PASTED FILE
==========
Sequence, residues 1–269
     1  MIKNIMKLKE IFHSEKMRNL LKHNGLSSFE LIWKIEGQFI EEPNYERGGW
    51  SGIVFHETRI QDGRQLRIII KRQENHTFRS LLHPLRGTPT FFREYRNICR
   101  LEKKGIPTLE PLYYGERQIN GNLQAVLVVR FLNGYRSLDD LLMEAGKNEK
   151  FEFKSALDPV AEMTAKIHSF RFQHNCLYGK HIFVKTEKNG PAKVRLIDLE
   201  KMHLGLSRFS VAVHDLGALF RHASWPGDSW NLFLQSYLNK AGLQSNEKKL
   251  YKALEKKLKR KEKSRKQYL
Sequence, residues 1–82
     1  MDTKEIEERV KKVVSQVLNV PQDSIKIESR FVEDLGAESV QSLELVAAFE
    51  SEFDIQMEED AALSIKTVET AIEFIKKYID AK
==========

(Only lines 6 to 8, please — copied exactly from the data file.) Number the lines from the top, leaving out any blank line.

   201  KMHLGLSRFS VAVHDLGALF RHASWPGDSW NLFLQSYLNK AGLQSNEKKL
   251  YKALEKKLKR KEKSRKQYL
Sequence, residues 1–82